Colombia, one of the latest countries to join BreatheLife efforts to cut global deaths from air pollution by half by 2030, is no stranger to action curbing air pollution.
Since the 1970s, the country has put in place and built on air quality and pollution monitoring and regulations to mitigate the threat hovering over its growing cities.
Its latest efforts include new national ambient air quality standards, a new policy document that seeks to improve air quality, and new guidelines on the environmental and energy benefits of soot-free buses in the country.
Launched in November 2017, the new ambient air quality standards establish actions up to 2030 that must be taken to reach good air quality to protect the health of Colombia’s citizens, and were the result of extensive discussions with different local environmental authorities, ministries, international experts, citizens, members of the academy and industry representatives.
The second, the “Policy for the improvement of air quality” (CONPES) seeks to prevent and control air pollution with actions that improve air quality management around the country. It includes:
• a statement of national strategies to renew vehicles and bring them up-to-date, and to introduce vehicle technologies with zero to low emissions;
• an increase in the fuel quality to Euro VI standards;
• the compulsion to implement best available environmental techniques in industries with high emissions.
The main sources in Colombia of particulate matter PM10 and PM2.5, ozone, nitrogen dioxide and sulfur dioxide are transport and industry– but an emissions inventory developed in Colombia’s main cities found that transport was responsible for more than 80 per cent of fine particulate pollution (PM2.5).
That’s where the third action comes in. The guidelines assessing the environmental and energy benefits of soot-free buses in Colombia by the Environment and Sustainable Development Ministry presents important information on the air pollution problem, emissions from transport sector, available technological options and cost-benefit analysis for the introduction and use of new technologies.
Using the guidelines, Bogota estimated savings of US$3.7 billion in fuel costs, the prevention of 3,455 premature deaths associated with bad air quality, and the mitigation of 15.6 million tonnes of carbon dioxide.
They support the Environment and Sustainable Development Ministry’s strategic moves is to promote sustainable mobility through the vehicles substitution with cleaner technologies in public transportation and demonstrate the benefits of such a switch.
According to the Environment and Sustainable Development Ministry data for 2014, it has been estimated that ground public transportation in Colombia emits around 3,745 tons of black carbon and 8,398 tons of PM2.5.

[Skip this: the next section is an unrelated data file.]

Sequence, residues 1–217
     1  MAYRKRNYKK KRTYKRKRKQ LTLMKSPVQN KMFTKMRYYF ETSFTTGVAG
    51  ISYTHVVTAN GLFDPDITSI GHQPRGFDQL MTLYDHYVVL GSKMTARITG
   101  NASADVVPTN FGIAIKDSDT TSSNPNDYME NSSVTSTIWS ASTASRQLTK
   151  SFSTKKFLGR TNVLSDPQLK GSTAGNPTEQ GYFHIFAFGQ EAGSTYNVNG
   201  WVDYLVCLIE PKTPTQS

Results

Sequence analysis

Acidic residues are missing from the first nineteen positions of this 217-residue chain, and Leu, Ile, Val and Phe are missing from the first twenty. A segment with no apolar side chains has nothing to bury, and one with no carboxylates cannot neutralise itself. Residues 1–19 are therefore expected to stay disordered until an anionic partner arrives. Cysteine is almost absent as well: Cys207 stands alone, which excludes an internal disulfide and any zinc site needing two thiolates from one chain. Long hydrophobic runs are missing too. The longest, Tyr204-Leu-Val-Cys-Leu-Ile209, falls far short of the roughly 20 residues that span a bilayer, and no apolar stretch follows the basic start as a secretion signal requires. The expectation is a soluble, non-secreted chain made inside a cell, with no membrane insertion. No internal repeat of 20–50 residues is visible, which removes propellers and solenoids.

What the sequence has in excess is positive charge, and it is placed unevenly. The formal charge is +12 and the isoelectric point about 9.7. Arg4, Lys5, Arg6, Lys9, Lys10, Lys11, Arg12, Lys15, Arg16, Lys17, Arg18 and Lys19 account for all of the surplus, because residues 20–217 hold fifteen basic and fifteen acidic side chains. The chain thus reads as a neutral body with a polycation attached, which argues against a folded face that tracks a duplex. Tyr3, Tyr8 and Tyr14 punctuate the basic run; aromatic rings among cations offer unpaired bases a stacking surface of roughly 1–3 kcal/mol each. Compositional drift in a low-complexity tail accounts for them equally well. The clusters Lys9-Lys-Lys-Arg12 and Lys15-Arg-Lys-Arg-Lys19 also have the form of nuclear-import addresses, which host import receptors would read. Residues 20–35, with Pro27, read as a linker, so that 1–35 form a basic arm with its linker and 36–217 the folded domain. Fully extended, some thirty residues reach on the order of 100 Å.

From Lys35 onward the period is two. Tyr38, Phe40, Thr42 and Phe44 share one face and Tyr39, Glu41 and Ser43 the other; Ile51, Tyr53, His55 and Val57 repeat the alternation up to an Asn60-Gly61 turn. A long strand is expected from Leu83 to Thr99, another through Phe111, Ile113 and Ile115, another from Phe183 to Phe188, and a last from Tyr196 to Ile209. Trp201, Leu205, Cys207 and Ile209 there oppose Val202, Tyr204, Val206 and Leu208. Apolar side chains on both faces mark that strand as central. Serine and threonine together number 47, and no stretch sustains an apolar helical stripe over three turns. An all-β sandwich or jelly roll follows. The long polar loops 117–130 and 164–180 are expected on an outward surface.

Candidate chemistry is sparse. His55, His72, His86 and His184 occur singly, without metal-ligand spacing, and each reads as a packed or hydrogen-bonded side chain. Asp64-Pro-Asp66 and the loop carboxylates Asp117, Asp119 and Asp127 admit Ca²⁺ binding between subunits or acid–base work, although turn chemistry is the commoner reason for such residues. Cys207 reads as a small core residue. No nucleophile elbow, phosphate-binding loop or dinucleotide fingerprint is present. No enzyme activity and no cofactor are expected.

The National Planning Department (DNP) estimated that costs associated with urban air pollution in Colombia figured in COP $15,4 trillion (or nearly 2 per cent of GDP 2015) and caused over 10,500 deaths.
Air pollutants concentration in some regions and urban areas in the country exceed the levels established by national regulation and the World Health Organization or are on an upward trend, which are a cause of concern.
In order to make progress in the air pollution diagnosis and solution (which includes emissions calculation, air quality monitoring, information outreach, and strengthening of air quality management in cities and regions), workshops with the main regions have been developed. Among these regions can be found: Area Metropolitana del Valle de Aburra, Cali, Barranquilla, Manizales and Bogota.
Some aims of the workshops are:
- the strengthening of the technical, administrative and operative capacity of the local environmental authorities,
- improve the investment project formulation in air quality
- improve access and outreach of information for the decision making
- promote the interaction among local and national authorities
These recent initiatives integrated with initiatives and plans already in place, including supporting and promoting energy efficiency in industry in key sectors, adopting the National Plan for the Mitigation of Short-lived Climate Pollutants (Plan Nacional para la Mitigación de Contaminantes Climáticos de Vida Corta)
“The concentrations of some pollutants in the atmosphere are above the standards set in environmental regulations, which highlight the need keep promoting the management of air quality to protect the health of the population and the environment,” said Minister for the Environment and Sustainable Development, Carlos Alberto Botero López.
Colombia acts on air pollution as a member of relevant international organizations for the transfer of knowledge, investment and exchange of experiences on topics related to soot-free buses, regulations for off-road machinery and electric mobility, among others.
Its efforts are ongoing in the context of the Intergovernmental Air Quality Network of Latin America and the Caribbean, the Coalition for Climate and Clean Air, the Electric Mobility Strategy for Latin America (la Estrategia de Movilidad Eléctrica para América Latina MOVE), among others.
They are also necessary for compliance with the National Air Quality Standard, the global sustainable development agenda, the Paris Agreement on Climate Change, as well as the recommendation of the Organization for Economic Cooperation and Development (OECD) for Colombia’s entry into the Organization.
Colombia comes to the BreatheLife campaign with new policies that add definition and power to a nearly 50-year journey towards clean air.